But that wasn’t a beginning for me, a die had been cast in the direction taken, it was an ending as north was the way home and I was now heading that way – maybe a little worse for the wear but knowing more than when I began.
I wouldn’t recommend “riding the rails” to anyone, some unsavory people out there and even gangs with less than honorable intentions, but that’s another story.
First thing my mother did when I got home was to begin crying, then set a plate of food in front of me commenting that I had lost weight, didn’t seem to me as though as I had but that’s the way of mothers.
She asked me about my experiences and frowned, smiled, or shook her head as she felt appropriate.
Kind of amused her that I had ridden the iron horse but extracted a promise from me that I wouldn’t again, and I never did as I believe I had matured in a way that completely changed my focus.
I had seen and learned things I might not have otherwise – I understood the gap of inequity between the nations and the rest of the country was even more profound than I had realized.
I also had come to understand that there are good people of all ethnicities and that prejudice and racism weren’t constrained by their proximity to the rez, that they existed everywhere.
I saw the same problems, the same poverty and need existed on every rez I visited, the same goodness of spirit, and I came to the realization that as nations we cannot expect change to occur from the top down, that it must begin from the bottom up within our communities, and in that beginning perhaps there may be a handful at the top who will join in.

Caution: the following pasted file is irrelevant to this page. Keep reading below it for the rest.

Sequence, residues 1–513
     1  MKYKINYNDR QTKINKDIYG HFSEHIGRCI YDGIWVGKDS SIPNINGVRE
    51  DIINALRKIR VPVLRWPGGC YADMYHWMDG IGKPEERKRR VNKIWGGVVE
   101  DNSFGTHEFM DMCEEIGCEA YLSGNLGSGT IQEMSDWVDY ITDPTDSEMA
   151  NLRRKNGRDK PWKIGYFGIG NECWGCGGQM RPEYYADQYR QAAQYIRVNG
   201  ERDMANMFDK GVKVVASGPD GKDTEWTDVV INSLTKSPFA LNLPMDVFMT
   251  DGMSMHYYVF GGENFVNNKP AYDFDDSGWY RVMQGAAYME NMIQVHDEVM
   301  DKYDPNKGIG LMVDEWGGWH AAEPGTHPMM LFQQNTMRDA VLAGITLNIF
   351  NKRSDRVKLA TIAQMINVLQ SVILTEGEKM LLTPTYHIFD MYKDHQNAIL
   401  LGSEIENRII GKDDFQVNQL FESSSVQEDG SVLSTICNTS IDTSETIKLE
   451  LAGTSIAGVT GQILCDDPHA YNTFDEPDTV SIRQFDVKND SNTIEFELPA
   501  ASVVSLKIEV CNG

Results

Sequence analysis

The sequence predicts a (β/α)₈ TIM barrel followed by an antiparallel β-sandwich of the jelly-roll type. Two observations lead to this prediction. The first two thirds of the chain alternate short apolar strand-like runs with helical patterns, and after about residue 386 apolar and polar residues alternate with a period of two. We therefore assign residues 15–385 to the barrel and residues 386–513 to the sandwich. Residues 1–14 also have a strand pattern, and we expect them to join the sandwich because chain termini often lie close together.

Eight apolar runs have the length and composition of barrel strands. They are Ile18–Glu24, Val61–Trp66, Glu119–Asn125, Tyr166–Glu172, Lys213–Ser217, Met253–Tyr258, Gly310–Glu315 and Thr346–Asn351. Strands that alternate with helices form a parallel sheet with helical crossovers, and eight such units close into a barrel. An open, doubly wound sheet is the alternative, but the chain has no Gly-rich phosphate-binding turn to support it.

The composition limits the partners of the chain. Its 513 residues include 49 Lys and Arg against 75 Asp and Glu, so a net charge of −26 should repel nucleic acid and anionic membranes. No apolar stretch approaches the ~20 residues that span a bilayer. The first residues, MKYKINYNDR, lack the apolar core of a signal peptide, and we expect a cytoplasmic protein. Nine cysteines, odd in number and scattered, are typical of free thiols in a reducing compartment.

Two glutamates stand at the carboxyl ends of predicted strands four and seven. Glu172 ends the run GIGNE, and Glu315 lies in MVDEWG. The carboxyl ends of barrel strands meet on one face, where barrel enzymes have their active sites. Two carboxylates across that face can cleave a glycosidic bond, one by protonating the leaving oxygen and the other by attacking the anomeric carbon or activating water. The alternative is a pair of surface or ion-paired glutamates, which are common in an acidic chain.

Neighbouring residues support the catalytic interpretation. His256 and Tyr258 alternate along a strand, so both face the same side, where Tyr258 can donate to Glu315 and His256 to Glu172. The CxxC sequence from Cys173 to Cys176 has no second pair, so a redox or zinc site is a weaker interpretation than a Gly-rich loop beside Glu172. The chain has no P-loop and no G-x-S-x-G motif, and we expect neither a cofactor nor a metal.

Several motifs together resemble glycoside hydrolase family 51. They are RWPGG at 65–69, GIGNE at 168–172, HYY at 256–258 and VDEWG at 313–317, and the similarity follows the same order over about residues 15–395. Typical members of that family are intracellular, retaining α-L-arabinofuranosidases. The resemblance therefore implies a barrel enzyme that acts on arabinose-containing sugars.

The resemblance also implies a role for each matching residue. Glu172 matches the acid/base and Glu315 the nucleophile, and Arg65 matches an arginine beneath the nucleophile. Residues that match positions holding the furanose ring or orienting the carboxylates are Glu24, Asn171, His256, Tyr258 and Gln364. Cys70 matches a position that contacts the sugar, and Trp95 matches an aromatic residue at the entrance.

Later after my mother and sister had passed within a couple of years of each other and being unattached in the common understanding I began spending more time in the woods – still worked, but by that time I had acquired enough of a skill set in the trades I didn’t have to work for anyone, I could get jobs on my own.
So when the mood struck me I’d load up the back pack, collect the resident hound and head out for a week, two, or even a month, and it made no difference the season or the weather.
I think that brought me closer to an understanding of who we as nations and a people were and had lived, an existence of self reliance in harmony with our surroundings.
We weren’t separate, we were integrated, a part of the environment subject to the same elements as those who shared the land with us.
Those days are pretty much gone now – replaced by ramshackle houses, dependency for water, electricity, propane, and even food sometimes.
Hell of thing, more than that an injustice, a festering wound that refuses to heal in the midst of more of the same.
Many have forgotten this coexistence, this belonging, and now stand like children looking through a window at candy on the other side.
Forgetting that we always lived taking only what we need, what served a true purpose, what we could use and benefited us in our usage.
But who can blame the impoverished child who stands at the window longing for something they don’t have, or the caged bird who remembers what it was like to be free and independent?